Fortunately there may be a potential solution. IAS 8 offers guidance for what to do if a specific transaction of circumstance is not addressed in the existing international accounting standards. (I encourage you to look up IAS 8 and other standards here). You will need to register with IASB for free). IAS 8 encourages financial statement preparers to use professional judgment to provide information that is relevant to the users of the financial statements. In doing so, professionals can refer to guidance from other standard setting bodies with similar frameworks. In other words, if IFRS doesn’t cover a topic you can refer to US GAAP.  (I warn you that IAS 8 is the only IAS that I can currently quote, so I’m sure our industry will need to validate this conclusion as we review all IAS & IFRS prior to conversion).

However this is a double edged sword! On one hand, it means that if not-for-profits believe that the framework outlined in FAS 116 & 117 provides the best information available to donors, we can choose to continue to report this information to our donors. I personally think this is very valuable information and would encourage not-for-profits to continue fund accounting as/where it is complementary to IFRS.  On the other hand, it is almost certain that other not-for-profits, particularly from other countries will not voluntarily adopt the fund accounting concept. In fact, I work with many international not-for-profit offices; many of these use IFRS, and I am not aware of one who utilizes fund accounting as we know it in the US. It will be interesting to see if the various “flavors” of IFRS are an improvement on the separate sets of standards we use now.

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10 Responses to “IFRS questions for Not-for-Profits”


  1. 1 Jenn
    March 9, 2010 at 5:44 pm

    The unique reporting structure for the non-profit industry seems a significant barrier to overcome. I’m interested to see how this shapes up as the future of private company financial reporting evolves.

  2. 2 jonathanferguson
    March 9, 2010 at 8:22 pm

    I know that some of the international not-for-profits I work with are struggling with questions about how to account for gifts restricted by a donor for a specific purpose. I have seen financial statements where these were treated as deferred revenue or some form of contingent liability. The liability question was clarified/resolved by FAS 116 & 117 in US GAAP, however outside the US, this debate is still open.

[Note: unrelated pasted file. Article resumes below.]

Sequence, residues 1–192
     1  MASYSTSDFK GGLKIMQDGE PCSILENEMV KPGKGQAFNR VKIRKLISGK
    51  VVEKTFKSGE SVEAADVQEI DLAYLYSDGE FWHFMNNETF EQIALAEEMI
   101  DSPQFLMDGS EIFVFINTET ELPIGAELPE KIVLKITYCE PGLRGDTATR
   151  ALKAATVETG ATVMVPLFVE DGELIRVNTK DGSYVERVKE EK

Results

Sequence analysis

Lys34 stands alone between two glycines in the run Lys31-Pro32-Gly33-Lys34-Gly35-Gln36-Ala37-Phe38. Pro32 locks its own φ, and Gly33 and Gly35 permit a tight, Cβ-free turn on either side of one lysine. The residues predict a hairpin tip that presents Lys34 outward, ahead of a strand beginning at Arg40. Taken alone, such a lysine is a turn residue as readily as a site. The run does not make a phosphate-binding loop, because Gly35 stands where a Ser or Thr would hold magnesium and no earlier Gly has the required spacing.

3. 3 Carol
    March 11, 2010 at 12:07 am

    A agree with Jenn. Human nature being what it is, no matter the physical location, will always follow the path of least resistance.

  4. 4 BAkr
    February 3, 2011 at 3:55 pm

    If we talk about the case of Malaysia. They announce 1-jan-2012 as the timeline for implementing IFRS. However, they have many Islamic institutions and there are conflicts between Islamic finance and IFRS.. how can they solve this issue as they only have 11 months left to the timeline

    Anyone have any idea?

    thanks

    • 5 jonathanferguson
      February 3, 2011 at 7:29 pm

      Wow, that is a good question! I won’t pretend that I have a complete answer to that, but hopefully your question will generate some other comments as well. I do know that some countries have adopted IFRS with specific exceptions. For example China has converged toward IFRS but still has certain differences. This could be a direction that Malaysia goes.

      There are advantages and disadvantages to this approach. First, it is presumably closer to the global standard of IFRS than current Malaysia accounting guidance. If so, moving to a modified IFRS would at least grant some of the benefits of international transparency. However, having a national flavor/version of IFRS is remarkably similar to having unique national accounting guidance. The differences from global reporting may be smaller, but there is still a reconciliation needed.

      Perhaps IFRS could be adopted for large/public companies. This would allow those competing globally to benefit from global accounting standards and comparability, while not imposing the standards on smaller firms who are less equipped to manage the change, and who receive less of the benefit of global standardization because they only compete locally.

  5. 6 Edward Finch
    October 17, 2012 at 6:34 pm

    I know this is an old article but I am researching IFRS and not for profits for application accross a global charity. We have at least one example reported on in the UK of a global organisation adapting IFRS for not for profits (and have been doing since 2006) see ActionAid International. The underlying accounting is very closely modelled on the UK Statement of Recommended Practice (SORP) on charity accounting…